And while it’s popular to this day to suggest that Lehman Brothers’ bankruptcy was the light that ignited the crisis fire, Allison alerts readers to the reality that Lehman was only a massive market event thanks to the bailout of Bear Stearns months before. The markets, having priced in a bailout of Lehman based on the savior of the much smaller Bear Stearns, learned the hard way what happens when overly interventionist governments change their policies on a daily basis. What they created was a lack of information, when information doesn’t exist there’s panic in the marketplace, but if Bear had been properly allowed to fail, Lehman either finds a buyer in order to save itself, or markets steeled for its looming bankruptcy prepare in advance.

Far from a failure of capitalism, the financial crisis was a failure of government intervention; specifically too much of it. But what makes Allison’s book so valuable is the additional information he provides on all manner of occurrences from back when Democrats, Republicans and a hapless Fed lost their collective minds.

Specifically, Allison argues that the banking crisis (“financial crisis”) really was born with the botched bailout of Washington Mutual. As he writes, “The FDIC, the Fed, and the U.S. Treasury made an extremely destructive decision in handling the failure of Washington Mutual.” The problem this time was that in addition to making WaMu’s insured depositors 100% whole, they did the same for the uninsured depositors. That was a problem simply because in traditional bankruptcies, the uninsured depositors had naturally taken a haircut, and the possibility of a haircut meant that they had a strong incentive to “impose discipline” on any reckless bank in which they housed their money.

In WaMu’s case, the uninsured depositors were made whole on the backs of the bank’s bondholders. As Allison writes, “the bondholders had expected significant losses on their bonds, but the losses were more than they had expected because the FDIC had taken part of the money that should have been available to pay bondholders and given it to uninsured depositors.”

Why this matters is that the “decision to treat WaMu bondholders this way closed the capital markets for banks.” Allison notes that BB&T had issued bonds a few weeks before the WaMu decision, but banks that needed debt finance after WaMu experienced much more skeptical markets. Allison argues that “this was an even more significant event than Lehman Brothers’ failure.”

As for the role of mark-to-market, or “fair value” accounting, Allison’s analysis of this may perhaps be what emerges as the most controversial part of the book. Allison is a critic of mark-to-market given his view that it “distorts operating earnings and provides misleading and confusing information about the underlying earnings power of the business.”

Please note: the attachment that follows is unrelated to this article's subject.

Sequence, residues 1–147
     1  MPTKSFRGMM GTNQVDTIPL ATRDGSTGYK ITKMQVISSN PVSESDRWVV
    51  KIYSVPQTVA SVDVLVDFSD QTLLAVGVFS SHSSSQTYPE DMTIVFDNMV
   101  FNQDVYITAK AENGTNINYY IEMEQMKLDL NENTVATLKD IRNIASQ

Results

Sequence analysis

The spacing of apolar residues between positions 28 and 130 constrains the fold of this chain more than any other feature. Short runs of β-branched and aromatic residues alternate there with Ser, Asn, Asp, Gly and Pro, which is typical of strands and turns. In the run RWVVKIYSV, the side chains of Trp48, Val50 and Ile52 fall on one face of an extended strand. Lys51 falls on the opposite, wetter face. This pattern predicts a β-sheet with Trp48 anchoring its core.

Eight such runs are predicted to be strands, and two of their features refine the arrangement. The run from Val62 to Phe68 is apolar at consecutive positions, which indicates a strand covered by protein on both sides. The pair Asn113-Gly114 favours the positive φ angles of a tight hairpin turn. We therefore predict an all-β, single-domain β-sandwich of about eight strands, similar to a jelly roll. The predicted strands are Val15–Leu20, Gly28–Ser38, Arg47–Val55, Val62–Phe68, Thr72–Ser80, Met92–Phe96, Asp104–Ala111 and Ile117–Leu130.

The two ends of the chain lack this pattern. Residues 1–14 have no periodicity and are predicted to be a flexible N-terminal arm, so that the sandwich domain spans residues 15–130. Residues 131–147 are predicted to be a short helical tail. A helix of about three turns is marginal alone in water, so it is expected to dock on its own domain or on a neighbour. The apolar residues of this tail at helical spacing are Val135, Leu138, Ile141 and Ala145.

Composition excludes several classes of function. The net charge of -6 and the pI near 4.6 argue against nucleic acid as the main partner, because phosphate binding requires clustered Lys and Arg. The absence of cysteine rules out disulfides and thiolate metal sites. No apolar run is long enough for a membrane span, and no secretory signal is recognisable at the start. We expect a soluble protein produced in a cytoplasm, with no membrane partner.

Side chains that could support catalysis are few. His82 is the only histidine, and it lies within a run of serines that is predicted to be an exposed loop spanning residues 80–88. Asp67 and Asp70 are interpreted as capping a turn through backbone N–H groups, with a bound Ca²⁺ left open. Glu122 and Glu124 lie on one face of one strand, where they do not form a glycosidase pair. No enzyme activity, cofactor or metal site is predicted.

He goes on to write that “this distortion is particularly destructive when markets are not fully clearing because of external disturbances.” Fair enough, but if a market is frozen, that’s the market, and at times at least with some assets, it’s probably wishful thinking that any frozen market will clear. Shouldn’t asset prices reflect this?

Getting into specifics, Allison points out that if a bank marks it assets and takes a $50 million loss, “its capital is reduced by $50 million and its lending capacity by $500 million ($50 million x 10 = $500 million). Fair enough once again, but since banks are explicitly insured by the FDIC, and implicitly insured by the federal government (in Allison’s defense, he likes neither the FDIC nor federal bailouts), shouldn’t they reduce their lending at times when their balance sheets are impaired? A response to this might be that tight credit would exacerbate a recession, but isn’t that the point of recessions, for banks to tighten credit so that no more of it is destroyed on bad ideas? Furthermore, as of 2008 banks only accounted for roughly 20% of corporate lending, so wouldn’t non-bank credit substitutes fill the breech until things normalize?

Allison cites Bill Isaac, former chairman of the FDIC, who observed about mark-to-market that if had existed in the early ‘80s, there would have been mass failures of banks across the U.S. Maybe so, but to Allison’s essential point that he’s seen Citigroup bailed out three times in his career, wouldn’t mark-to-market in the early ‘80s have saved taxpayers two more bailouts of Citi? Figure the U.S. computer industry is marked by 50 years of failure, and it’s healthier for it. It seems banks are much weaker today thanks to bailouts of the financial and accounting variety that delay their necessary acquisition by better managers, not to mention the capital destroyed over the years due to poorly run banks being given new leases on life.